19 Deployment: Strategies that Help Normal routines Staying healthy and fit Connecting with friends and loved ones Reducing/eliminating media violence exposure (especially war scenes) See Helping Children Cope with the Challenge of War and Terrorism

20 Coping During Deployment See Helping Children Cope with the Challenge of War and Terrorism

21 “ Take Home ” Issues for Schools Children of deployed may show signs of stress ▫More angry/acting out behavior  Children - fighting, noncompliance  Teens – may get into substance use ▫More sad, withdrawn, anxious behavior  Young children – separation anxiety ▫More difficulty concentrating, paying attention  School performance may decline Ask children how they feel – don ’ t assume they will initiate talks about their feelings

22 “ Take Home ” Issues for Schools Non-deployed parent may be distressed ▫Especially true if a repeated deployment or if the military is a member of National Guard, Reserve ▫Parent may have difficulty dealing with the child ’ s academic or behavior problems Teachers, school personnel ▫Help children connect and communicate ▫Monitor how children are doing – bring changes in academics or behavior to the attention of school counselor and parent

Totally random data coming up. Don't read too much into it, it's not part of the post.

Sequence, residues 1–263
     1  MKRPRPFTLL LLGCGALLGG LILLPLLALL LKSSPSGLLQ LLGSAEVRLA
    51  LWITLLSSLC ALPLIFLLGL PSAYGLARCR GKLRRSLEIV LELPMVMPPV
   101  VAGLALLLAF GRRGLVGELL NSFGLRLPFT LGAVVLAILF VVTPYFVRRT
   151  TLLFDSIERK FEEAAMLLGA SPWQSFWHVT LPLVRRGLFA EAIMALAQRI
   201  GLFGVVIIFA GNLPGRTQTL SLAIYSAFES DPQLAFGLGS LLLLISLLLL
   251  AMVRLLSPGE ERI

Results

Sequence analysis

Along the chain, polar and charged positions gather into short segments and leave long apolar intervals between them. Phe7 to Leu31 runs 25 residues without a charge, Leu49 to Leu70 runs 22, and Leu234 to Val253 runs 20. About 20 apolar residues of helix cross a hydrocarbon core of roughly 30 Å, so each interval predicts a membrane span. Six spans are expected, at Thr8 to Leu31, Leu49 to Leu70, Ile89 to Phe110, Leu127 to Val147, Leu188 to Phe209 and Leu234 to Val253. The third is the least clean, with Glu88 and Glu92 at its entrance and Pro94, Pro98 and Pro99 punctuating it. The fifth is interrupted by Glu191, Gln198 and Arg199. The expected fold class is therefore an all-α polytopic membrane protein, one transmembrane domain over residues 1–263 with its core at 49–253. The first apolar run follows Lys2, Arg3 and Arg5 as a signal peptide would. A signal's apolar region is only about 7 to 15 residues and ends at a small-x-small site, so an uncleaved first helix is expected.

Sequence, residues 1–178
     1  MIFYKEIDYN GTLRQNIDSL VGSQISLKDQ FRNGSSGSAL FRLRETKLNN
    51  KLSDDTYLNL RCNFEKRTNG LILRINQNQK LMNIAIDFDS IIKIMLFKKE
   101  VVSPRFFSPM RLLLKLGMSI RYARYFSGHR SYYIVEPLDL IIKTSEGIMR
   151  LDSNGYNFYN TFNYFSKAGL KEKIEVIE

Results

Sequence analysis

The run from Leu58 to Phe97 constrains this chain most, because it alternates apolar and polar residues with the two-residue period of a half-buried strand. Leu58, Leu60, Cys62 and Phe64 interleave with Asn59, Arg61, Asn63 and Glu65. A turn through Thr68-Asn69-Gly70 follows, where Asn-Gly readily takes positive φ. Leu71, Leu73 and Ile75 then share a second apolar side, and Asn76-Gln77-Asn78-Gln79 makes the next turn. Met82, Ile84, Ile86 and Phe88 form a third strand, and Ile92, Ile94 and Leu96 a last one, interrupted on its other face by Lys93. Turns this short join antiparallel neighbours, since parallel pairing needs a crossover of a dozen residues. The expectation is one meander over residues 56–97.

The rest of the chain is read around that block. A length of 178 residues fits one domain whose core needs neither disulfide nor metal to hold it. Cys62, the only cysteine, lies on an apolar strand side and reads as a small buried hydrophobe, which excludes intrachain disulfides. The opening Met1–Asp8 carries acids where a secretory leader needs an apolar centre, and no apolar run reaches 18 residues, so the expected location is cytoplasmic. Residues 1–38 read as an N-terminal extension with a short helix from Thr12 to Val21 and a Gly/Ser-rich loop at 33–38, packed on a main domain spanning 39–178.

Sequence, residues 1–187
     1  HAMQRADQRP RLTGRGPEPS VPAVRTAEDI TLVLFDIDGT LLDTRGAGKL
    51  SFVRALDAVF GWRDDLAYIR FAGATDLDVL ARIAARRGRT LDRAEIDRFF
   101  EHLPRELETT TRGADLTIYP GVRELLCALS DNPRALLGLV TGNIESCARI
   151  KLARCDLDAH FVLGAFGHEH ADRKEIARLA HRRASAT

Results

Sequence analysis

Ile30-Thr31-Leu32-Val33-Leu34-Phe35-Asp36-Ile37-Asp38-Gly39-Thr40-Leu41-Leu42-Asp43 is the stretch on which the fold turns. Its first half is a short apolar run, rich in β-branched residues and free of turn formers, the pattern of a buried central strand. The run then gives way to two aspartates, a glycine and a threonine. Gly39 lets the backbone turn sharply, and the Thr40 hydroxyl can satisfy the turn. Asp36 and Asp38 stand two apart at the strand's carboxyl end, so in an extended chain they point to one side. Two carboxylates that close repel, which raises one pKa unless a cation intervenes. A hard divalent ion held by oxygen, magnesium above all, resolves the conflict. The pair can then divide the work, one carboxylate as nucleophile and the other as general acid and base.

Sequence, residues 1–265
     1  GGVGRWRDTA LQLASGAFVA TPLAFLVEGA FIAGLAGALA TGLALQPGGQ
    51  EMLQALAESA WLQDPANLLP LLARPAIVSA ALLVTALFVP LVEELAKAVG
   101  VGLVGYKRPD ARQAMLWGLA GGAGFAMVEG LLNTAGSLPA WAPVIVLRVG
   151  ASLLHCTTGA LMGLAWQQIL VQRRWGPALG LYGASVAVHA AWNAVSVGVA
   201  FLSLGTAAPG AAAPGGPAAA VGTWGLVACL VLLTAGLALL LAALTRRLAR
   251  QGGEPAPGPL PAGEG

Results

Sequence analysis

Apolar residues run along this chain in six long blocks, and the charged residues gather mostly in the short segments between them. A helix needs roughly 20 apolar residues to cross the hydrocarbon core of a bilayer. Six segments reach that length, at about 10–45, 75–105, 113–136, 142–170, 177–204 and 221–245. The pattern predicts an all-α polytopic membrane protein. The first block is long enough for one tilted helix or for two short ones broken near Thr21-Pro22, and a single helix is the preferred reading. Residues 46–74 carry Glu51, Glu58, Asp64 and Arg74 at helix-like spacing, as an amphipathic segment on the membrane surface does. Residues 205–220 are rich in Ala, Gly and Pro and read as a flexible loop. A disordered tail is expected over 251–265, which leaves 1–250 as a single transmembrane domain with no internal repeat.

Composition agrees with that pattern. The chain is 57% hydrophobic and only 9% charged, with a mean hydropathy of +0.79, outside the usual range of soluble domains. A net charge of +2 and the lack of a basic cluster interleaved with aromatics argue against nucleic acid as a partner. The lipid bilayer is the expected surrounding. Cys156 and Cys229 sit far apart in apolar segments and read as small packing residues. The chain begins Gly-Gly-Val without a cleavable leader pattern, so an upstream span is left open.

23 Reunion

24 Reintegration

25 Deployment -> Reintegration ▫

26 Reintegration Period: Mental Health Needs of Military Families Family members are affected by the adjustment of veterans ▫A study* of 199 veterans with emotional problems who returned from deployment (Iraq, Afghanistan) found 75% reported family problems:  Feeling like guest in their own house (41%)  Children acting afraid/not being warm to them (25%)  Military feel unsure of their family role (37%)  Of those recently separated, 54% report conflicts involving “ shouting, pushing, or shoving ” Addressing family problems may improve the emotional adjustment of returning military *Sayers et al., 2009